8 Replies Latest reply on May 2, 2008 7:36 AM by 791266

    Integers vs. ints

    807601
      import java.util.*;
      public class PrimitiveTest
      {
          public static int x;
          public static void main(String[] args)
          {
              x = 5;
              change(x);
              System.out.println(x);
          }
          public static void change(int x)
          {
              x = 7;
          }
      }
      I understand that upon the execution of main, 5 is returned because x is a primitive and change creates an entirely new value.
      import java.util.*;
      public class IntegerTest
      {
          public static Integer x;
          public static void main(String[] args)
          {
              x = new Integer(5);
              change(x);
              System.out.println(x);
          }
          public static void change(Integer x)
          {
              x = 7;
          }
      }
      Upon execution of the main, I expected this to return 7, but it returned 5. I thought that since x is an Integer object, it would change its reference to 7. However, it seems that a new Integer object is created when change is executed. Why?

      Edited by: youmefriend722 on May 1, 2008 11:36 PM
        • 1. Re: Integers vs. ints
          807601
          For starters your change method is void so nothing is returned. The reason you get 5 in both situations is basically for the same reason. You have two different variables called x. In both cases the local variable in change method is changed, thus leaving the local variable in main unchanged. Hence the output of 5.
          • 2. Re: Integers vs. ints
            807601
            Integers, along with all primitive wrappers, are immutable, meaning that there is no way to change the value in Integer objects. You are creating a new object and assigning it to the Integer reference.

            in your second example
            x = 7;
            is kind of just short for
            x = new Integer(7);
            Edited by: spoon_ on May 1, 2008 11:41 PM
            • 3. Re: Integers vs. ints
              807601
              spoon_ wrote:
              x = 7;
              is kind of just short for
              x = new Integer(7);
              Yep! I should have added that.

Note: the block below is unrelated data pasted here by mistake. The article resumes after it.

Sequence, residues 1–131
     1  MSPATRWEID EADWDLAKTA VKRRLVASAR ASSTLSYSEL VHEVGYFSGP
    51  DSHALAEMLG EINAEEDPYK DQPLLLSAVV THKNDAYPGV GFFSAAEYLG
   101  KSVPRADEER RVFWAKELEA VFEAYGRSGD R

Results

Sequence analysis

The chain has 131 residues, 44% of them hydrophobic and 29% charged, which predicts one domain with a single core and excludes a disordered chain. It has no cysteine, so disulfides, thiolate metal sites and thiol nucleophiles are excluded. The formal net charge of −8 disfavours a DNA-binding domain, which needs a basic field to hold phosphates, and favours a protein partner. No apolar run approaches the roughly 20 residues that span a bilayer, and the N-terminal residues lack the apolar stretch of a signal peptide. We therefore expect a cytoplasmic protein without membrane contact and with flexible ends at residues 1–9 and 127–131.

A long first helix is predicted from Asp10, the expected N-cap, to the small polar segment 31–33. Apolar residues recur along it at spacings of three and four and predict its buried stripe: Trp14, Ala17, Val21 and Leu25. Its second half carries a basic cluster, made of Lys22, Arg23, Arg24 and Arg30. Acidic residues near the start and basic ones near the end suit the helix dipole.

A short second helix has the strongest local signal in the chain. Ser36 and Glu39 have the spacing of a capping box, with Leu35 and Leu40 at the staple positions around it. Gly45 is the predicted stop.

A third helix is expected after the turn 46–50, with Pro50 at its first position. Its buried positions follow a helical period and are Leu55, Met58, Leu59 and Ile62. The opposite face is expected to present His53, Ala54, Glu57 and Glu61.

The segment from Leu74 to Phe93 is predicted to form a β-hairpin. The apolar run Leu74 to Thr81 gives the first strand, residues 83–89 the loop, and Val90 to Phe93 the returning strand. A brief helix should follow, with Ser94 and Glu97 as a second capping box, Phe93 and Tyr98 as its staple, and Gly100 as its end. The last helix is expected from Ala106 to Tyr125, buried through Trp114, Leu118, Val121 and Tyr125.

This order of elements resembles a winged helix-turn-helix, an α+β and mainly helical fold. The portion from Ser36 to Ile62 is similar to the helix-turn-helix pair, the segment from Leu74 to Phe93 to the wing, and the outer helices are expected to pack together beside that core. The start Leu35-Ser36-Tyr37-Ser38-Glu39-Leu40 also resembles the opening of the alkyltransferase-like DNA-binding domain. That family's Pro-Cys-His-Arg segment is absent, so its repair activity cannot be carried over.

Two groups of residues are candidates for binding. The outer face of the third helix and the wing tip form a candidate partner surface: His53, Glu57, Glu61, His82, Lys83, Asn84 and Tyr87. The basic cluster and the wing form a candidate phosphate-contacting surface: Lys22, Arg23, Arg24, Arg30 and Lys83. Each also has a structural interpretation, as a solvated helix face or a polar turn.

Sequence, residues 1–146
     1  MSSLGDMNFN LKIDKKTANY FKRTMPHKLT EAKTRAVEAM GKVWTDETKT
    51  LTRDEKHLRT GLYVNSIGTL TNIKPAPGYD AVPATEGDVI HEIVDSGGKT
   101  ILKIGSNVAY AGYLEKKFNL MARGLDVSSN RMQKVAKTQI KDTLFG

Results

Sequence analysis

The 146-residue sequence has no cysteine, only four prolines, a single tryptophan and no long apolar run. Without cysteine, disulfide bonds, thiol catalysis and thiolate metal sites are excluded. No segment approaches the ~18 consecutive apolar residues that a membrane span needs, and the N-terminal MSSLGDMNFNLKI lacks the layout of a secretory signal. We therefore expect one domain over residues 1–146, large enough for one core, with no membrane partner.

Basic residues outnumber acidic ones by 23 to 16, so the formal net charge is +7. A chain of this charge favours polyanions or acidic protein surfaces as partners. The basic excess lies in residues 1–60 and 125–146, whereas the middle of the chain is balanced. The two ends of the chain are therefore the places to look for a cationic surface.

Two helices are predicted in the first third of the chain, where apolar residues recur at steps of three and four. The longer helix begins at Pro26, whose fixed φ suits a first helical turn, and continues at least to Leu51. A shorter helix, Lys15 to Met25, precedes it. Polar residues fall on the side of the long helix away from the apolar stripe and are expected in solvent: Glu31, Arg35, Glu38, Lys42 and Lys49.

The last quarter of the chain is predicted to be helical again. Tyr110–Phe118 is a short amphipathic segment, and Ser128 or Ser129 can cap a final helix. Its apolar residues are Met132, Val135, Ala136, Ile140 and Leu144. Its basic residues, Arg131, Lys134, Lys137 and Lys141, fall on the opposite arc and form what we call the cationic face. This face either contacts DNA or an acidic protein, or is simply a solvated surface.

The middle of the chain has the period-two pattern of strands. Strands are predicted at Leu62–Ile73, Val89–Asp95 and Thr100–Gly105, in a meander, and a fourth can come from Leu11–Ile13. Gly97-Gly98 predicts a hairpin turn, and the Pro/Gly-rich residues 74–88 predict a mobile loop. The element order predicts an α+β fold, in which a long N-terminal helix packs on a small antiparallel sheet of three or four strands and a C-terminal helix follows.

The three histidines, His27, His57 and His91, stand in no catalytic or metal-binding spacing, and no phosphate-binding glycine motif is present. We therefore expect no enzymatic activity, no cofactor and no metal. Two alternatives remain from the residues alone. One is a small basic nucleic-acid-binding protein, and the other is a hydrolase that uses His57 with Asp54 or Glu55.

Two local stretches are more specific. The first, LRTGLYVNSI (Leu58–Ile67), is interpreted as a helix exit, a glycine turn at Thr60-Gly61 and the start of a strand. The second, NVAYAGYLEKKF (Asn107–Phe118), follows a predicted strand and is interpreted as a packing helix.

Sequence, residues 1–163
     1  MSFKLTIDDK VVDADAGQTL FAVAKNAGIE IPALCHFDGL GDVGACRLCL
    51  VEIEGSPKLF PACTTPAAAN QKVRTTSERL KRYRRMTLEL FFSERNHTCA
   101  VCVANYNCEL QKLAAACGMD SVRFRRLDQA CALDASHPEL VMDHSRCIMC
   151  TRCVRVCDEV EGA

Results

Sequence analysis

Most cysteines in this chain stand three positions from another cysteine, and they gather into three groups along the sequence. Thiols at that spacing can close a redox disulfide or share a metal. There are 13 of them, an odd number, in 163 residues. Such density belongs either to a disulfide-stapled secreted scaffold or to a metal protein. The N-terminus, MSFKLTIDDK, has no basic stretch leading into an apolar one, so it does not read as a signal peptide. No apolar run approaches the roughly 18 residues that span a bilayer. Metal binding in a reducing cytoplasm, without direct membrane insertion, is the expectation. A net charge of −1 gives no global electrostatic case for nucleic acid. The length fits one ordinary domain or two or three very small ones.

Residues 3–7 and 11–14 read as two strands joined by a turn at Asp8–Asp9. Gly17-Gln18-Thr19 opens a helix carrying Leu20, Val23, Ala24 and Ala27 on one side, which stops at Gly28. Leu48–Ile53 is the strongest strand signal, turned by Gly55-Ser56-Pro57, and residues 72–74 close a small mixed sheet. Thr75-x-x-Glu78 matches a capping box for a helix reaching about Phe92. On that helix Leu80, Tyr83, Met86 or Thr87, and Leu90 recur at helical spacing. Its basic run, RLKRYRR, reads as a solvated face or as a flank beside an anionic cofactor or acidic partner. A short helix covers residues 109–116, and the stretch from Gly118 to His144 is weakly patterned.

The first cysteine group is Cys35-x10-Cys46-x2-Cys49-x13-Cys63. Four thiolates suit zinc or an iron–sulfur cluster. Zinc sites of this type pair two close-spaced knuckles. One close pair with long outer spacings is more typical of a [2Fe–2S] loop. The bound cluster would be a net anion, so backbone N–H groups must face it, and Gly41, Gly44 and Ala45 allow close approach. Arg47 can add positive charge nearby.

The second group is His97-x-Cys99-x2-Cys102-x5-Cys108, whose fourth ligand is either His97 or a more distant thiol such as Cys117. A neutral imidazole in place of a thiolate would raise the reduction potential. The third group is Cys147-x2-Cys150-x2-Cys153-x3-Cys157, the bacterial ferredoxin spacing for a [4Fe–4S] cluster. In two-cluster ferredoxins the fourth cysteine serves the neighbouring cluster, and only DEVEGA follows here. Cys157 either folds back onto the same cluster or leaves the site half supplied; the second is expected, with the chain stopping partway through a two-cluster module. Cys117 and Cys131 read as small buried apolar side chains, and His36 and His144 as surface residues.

• 4. Re: Integers vs. ints
                807601
                Integers, along with all primitive wrappers, are immutable,
                True - but not relevant here.

                As flounder observed the assignment is being made to a local variable and changing one local variable will not affect the value of the other. In general the value of a variable used as an argument in a method call will never change its value as a result of that method. This is true for primitive and reference variables alike.

                (Of course for reference variables the state of the object referenced may be changed - but that's a different matter. One that does involve mutability.)
                • 5. Re: Integers vs. ints
                  807601
                  Thanks for helping me understand the problem with having two variables with the same name (one static, other local). Actually, I think both responses are pertinent because it depends on whether you thought I was trying to do
                  public static void change(Integer n)
                      {
                          n = 7;
                      }
                  in which case the immutable explanation would solve my problem

                  or
                  public static void change(Integer n)
                      {
                          x = 7;
                          //this would kind of be pointless
                      }
                  in which case the explanation about the two variables would solve my problem

                  Thanks to all of you for a quick response.
                  Edited by: youmefriend722 on May 1, 2008 11:53 PM

                  Edited by: youmefriend722 on May 1, 2008 11:55 PM
                  • 6. Re: Integers vs. ints
                    807601
                    test message. please ignore it.
                    • 7. Re: Integers vs. ints
                      807601
                      pbrockway2 wrote:
                      Integers, along with all primitive wrappers, are immutable,
                      True - but not relevant here.

                      As flounder observed the assignment is being made to a local variable and changing one local variable will not affect the value of the other. In general the value of a variable used as an argument in a method call will never change its value as a result of that method. This is true for primitive and reference variables alike.

                      (Of course for reference variables the state of the object referenced may be changed - but that's a different matter. One that does involve mutability.)
                      Yes I guess it also depends on what you thought the autoboxing syntax did. It is conceivable that someone would think incorrectly that the "x = 7" syntax actually meant "x.contents = 7" or something like that. Then that would make Integers mutable, and then it would be relevant.
                      • 8. Re: Integers vs. ints
                        791266
                        spoon_ wrote:
                        Integers, along with all primitive wrappers, are immutable, meaning that there is no way to change the value in Integer objects. You are creating a new object and assigning it to the Integer reference.

                        in your second example
                        x = 7;
                        is kind of just short for
                        x = new Integer(7);
                        This might sound like nitpicking, but It's rather a short hand for Integer.valueOf(7). The difference comes when you are testing for equality.